At least three people die in the new tremors, weeks after massive quakes devastated the same region.
Three people have died after a 6.4-magnitude earthquake struck southern Turkey on Monday, weeks after a deadly quake devastated the region.
Interior Minister Süleyman Soylu said 213 people had also been injured.
Turkey’s disaster and emergency agency Afad said the tremor occurred at 20:04 local time (17:04 GMT).
A 7.8-magnitude quake struck the same area on 6 February, killing more than 44,000 people in Turkey and Syria.
Those killed by Monday’s tremor were found in Antakya, Defne, and Samandagi, Mr Soylu said, urging people not to enter potentially dangerous buildings.
Witnesses told the Reuters news agency there had been further damage to buildings in Antakya, while the mayor of Hatay, in southern Turkey, said people were trapped under rubble.
“I thought the earth was going to split open under my feet,” Muna al-Omar, a local resident, told Reuters, crying as she held her seven-year-old son. She was in a tent in a park in central Antakya when the latest earthquake hit, she said.
Turkish authorities have recorded more than 6,000 aftershocks since the 6 February earthquake, but the BBC’s team in the region said the latest tremor felt much stronger than previous ones.
Monday’s earthquake hit near the Turkey-Syria border, and the White Helmets civil defence group said more than 100 people were injured in Syria, with buildings collapsing and widespread panic.
The Syrian American Medical Society Foundation said that five of its hospitals received at least 30 people with injuries from the latest earthquake, but added that damage to its medical facilities “appears to be minimal”.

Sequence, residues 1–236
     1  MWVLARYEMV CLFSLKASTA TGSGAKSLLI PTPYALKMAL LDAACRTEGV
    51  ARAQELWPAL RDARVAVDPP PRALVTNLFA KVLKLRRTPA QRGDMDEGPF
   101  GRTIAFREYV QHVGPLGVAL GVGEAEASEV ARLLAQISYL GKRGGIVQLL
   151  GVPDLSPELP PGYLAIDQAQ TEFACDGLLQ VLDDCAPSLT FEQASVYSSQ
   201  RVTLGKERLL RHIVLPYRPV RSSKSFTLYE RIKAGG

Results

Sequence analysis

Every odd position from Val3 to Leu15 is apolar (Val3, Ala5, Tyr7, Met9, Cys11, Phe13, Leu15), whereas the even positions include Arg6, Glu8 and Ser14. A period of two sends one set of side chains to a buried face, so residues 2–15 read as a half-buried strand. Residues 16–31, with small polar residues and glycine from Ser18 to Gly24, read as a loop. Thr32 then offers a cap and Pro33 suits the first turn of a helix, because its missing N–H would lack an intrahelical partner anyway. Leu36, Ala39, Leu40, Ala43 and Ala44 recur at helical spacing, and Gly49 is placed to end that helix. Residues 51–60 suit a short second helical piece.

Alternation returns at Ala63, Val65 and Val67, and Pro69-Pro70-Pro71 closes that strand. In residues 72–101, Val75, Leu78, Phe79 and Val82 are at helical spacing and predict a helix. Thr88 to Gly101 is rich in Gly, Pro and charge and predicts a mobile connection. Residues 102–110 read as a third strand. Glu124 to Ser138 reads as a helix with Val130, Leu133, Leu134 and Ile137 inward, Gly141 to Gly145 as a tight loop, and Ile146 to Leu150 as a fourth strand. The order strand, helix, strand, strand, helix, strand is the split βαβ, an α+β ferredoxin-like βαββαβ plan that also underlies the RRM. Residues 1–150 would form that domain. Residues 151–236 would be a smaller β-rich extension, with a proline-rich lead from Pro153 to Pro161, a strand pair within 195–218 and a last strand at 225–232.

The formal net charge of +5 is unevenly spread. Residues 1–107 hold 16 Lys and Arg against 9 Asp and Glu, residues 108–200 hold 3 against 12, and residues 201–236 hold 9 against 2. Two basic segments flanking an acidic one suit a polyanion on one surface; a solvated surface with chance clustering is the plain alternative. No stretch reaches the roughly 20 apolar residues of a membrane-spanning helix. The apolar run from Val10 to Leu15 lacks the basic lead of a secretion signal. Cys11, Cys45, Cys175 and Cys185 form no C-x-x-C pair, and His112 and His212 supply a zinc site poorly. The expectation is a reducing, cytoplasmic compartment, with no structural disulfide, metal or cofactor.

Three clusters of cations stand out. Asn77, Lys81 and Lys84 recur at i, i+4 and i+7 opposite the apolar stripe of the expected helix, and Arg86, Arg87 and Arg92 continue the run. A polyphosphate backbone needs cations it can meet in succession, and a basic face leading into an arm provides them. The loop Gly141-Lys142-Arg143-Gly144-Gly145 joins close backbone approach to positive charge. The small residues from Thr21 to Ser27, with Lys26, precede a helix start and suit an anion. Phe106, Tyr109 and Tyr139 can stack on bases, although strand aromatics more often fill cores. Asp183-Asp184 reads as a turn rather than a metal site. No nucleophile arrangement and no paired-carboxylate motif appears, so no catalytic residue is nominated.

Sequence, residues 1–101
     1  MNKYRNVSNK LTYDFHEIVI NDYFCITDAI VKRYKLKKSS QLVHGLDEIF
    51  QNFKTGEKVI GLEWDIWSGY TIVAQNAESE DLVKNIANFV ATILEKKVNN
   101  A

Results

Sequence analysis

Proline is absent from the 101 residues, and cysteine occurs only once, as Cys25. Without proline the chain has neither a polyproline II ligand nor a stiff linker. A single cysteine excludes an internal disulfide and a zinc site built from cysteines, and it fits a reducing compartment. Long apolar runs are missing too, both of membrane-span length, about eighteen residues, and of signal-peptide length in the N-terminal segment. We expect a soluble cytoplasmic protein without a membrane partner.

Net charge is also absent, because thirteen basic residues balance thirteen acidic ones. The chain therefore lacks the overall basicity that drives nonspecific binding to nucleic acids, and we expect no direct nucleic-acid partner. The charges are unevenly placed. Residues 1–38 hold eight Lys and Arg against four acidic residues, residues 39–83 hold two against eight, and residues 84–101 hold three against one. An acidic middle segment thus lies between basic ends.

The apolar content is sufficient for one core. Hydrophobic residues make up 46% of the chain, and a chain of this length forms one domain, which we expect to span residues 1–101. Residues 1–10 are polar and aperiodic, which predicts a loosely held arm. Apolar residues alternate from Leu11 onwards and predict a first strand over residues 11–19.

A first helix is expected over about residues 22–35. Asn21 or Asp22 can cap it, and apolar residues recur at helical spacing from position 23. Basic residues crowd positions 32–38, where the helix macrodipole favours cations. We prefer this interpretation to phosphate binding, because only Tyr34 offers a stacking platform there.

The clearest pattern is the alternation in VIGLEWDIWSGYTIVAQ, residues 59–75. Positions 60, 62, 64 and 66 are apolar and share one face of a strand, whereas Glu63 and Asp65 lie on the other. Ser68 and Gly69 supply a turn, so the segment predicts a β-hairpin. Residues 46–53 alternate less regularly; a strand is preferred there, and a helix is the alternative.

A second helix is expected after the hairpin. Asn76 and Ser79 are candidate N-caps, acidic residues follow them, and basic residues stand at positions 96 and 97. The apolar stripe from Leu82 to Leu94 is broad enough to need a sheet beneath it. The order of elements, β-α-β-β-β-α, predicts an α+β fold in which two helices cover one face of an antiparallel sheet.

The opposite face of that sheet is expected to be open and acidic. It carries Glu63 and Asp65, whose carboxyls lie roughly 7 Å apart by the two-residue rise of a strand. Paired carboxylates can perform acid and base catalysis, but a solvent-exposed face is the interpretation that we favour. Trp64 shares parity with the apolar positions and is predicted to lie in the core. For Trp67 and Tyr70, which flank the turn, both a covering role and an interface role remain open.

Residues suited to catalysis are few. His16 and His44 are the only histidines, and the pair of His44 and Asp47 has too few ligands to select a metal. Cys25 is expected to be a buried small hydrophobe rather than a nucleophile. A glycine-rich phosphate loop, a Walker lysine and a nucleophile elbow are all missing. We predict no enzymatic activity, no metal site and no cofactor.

The earthquake was also reportedly felt in Egypt and Lebanon.
Afad said there were 32 aftershocks following Monday’s tremor, the largest of which had a magnitude of 5.8.
There is fear and panic in the streets – lines of ambulances and rescue crews are trying to get to some of the worst affected areas where the walls of badly damaged buildings have collapsed.
A number of structures that were left standing after the tremor on 6 February have now crumbled, including a bridge. Many cracks in roads have become deep scars making it more difficult for the emergency services to get where they may be needed.
An AFP journalist reported on scenes of panic in Antakya, the capital of Hatay Province which was already devastated by the previous earthquake – with the latest tremors raising clouds of dust in the city.
The walls of buildings also crumbled, AFP reports, with several apparently injured people calling for help.
Ali Mazlum said he was looking for the bodies of family members from the previous earthquake when the latest one hit.
“You don’t know what to do… we grabbed each other and right in front of us, the walls started to fall. It felt like the earth was opening up to swallow us up,” he said.
In a tweet, Afad initially urged people to stay away from coastlines as a precaution against the risk of rising sea levels, although the warning was later removed.
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